Determinants of Unplanned Emergency Department Utilization Among Home Care Clients: Predictors Beyond Person-Level Need
As Ontario’s population ages and suffers an increasing burden of morbidity and functional impairment, the health care system must also shift to address their needs. It is recognized that the current burden on hospitals and long-term care facilities is unsustainable, and home care services are being turned to as an approach that will hopefully provide both optimal health outcomes as well as a sustainable method of delivering care. It is thought that by supporting individuals in the community, they will remain functionally independent and healthier within their native setting. While home care services have been employed for decades, how much they impact health service usage and health outcomes – and the subsequent development of an evidence-based approach to optimization – is unclear. Efforts thus far have focused on a high risk population and have had mixed results, whereas the impact on average risk individuals is unknown.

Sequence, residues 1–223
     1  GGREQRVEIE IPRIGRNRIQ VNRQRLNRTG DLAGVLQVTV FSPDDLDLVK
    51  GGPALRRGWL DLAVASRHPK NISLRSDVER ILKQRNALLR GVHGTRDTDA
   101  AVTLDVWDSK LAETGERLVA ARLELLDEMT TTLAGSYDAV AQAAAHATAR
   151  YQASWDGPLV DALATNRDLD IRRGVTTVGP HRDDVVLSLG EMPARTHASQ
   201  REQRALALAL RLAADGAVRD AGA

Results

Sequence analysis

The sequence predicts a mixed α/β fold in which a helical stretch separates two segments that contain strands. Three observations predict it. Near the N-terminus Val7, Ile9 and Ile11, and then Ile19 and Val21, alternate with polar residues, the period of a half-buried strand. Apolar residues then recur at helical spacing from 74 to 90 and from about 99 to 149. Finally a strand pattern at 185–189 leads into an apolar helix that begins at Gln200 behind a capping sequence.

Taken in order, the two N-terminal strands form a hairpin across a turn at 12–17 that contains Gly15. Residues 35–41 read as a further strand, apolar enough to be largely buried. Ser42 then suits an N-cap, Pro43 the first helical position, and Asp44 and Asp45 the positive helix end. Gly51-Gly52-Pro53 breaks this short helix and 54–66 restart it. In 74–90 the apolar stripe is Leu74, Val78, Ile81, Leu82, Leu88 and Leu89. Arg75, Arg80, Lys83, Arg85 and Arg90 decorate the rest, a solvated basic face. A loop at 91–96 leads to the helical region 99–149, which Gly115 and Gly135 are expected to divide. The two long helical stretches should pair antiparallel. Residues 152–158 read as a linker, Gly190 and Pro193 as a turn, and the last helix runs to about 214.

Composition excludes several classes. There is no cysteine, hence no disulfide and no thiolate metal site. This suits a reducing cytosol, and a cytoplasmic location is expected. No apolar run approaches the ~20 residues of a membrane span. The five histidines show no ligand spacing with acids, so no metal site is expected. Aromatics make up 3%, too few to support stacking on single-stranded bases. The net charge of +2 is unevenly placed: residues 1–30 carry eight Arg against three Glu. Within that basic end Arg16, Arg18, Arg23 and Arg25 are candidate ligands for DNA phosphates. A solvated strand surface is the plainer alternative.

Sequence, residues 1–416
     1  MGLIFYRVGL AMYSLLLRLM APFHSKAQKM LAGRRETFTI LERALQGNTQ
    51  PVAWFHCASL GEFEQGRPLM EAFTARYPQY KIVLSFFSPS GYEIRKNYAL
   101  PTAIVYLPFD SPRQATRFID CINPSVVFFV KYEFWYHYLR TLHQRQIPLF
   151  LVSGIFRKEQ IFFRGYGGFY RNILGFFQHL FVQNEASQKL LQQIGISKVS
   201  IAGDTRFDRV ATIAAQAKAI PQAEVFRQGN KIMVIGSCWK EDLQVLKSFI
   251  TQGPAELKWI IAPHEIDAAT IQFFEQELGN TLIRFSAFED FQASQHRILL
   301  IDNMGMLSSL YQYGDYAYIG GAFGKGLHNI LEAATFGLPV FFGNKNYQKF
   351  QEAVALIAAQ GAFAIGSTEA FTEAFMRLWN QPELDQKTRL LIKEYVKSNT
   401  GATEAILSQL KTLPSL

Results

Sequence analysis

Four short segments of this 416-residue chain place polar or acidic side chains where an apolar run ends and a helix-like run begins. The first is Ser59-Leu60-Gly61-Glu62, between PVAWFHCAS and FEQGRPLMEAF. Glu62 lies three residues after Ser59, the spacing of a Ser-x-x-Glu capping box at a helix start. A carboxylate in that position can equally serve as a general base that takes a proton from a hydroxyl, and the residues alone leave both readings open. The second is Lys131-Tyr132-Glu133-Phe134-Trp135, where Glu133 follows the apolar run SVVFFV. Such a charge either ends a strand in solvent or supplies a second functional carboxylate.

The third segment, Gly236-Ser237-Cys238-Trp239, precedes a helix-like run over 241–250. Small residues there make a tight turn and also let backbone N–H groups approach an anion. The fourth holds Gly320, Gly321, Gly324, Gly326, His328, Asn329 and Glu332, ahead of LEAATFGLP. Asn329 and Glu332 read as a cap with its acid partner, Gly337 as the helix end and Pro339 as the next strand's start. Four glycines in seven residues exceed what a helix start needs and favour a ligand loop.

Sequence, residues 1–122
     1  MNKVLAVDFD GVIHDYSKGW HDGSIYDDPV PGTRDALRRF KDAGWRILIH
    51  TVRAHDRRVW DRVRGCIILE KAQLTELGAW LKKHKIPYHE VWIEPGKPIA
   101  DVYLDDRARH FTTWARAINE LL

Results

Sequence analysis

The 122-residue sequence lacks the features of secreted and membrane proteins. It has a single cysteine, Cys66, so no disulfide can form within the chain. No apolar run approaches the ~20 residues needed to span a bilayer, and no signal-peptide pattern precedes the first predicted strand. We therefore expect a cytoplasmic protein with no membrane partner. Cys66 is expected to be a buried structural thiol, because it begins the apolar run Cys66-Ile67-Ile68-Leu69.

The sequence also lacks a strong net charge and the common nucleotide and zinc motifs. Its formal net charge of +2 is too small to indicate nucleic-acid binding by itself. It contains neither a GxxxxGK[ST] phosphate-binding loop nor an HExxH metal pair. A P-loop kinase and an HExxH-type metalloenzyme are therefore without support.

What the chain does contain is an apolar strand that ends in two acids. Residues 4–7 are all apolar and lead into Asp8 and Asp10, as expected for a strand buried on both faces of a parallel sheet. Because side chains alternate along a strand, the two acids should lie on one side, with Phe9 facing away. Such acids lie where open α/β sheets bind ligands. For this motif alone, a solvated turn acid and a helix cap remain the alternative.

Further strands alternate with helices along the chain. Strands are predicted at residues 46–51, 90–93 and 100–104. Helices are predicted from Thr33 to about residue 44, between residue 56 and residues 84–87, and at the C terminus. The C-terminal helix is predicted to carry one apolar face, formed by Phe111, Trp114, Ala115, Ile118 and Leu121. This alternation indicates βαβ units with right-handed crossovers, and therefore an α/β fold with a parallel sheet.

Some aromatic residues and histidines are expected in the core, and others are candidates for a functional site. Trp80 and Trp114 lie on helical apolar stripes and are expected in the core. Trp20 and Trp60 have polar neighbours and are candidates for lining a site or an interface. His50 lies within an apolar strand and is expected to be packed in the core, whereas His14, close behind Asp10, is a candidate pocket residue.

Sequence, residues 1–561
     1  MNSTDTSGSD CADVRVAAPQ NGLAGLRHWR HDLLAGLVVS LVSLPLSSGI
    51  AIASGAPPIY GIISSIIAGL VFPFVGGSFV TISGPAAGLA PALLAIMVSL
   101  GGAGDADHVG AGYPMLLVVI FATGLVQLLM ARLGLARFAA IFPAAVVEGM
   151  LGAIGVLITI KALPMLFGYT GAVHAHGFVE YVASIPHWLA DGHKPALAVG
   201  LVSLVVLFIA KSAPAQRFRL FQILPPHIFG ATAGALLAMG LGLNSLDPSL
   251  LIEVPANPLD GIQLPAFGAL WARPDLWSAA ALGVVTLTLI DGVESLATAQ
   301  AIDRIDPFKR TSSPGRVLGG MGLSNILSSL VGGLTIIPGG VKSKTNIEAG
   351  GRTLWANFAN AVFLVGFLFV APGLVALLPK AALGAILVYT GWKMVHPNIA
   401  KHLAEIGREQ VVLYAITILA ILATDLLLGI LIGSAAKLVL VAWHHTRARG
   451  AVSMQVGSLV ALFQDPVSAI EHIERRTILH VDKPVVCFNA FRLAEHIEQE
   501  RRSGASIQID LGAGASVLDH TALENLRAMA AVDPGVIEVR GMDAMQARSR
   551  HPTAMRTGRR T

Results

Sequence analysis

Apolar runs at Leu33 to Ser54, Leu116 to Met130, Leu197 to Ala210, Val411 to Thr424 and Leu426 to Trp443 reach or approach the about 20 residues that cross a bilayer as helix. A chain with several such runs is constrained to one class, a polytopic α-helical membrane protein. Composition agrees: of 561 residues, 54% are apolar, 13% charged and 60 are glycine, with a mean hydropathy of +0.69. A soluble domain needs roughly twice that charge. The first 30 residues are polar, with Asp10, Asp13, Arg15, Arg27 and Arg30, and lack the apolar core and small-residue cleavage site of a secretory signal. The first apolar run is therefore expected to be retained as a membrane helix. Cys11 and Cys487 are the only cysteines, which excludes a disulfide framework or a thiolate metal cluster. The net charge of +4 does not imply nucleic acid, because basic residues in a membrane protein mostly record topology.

We will use the Health Outcome for Better Information and Care (HOBIC) and Discharge Abstract Database (DAD) databases to identify a cohort of patients aged 65+ that were discharged from the hospital back into the community with or without home care services. The identified cohort will be linked to administrative health databases (e.g., National Ambulatory Care Reporting System Metadata (NACRS), DAD) to examine various clinical outcomes.
Andrew P. Costa, PhD | McMaster University
Susan Bronskill, MSc, PhD | IC/ES - Central
Ahmad Rahim, MSc. | Analyst | IC/ES - McMaster University
Mats Junek, MSc. (c), MD | McMaster University
Susan Bronskill, MSc, PhD | IC/ES-Central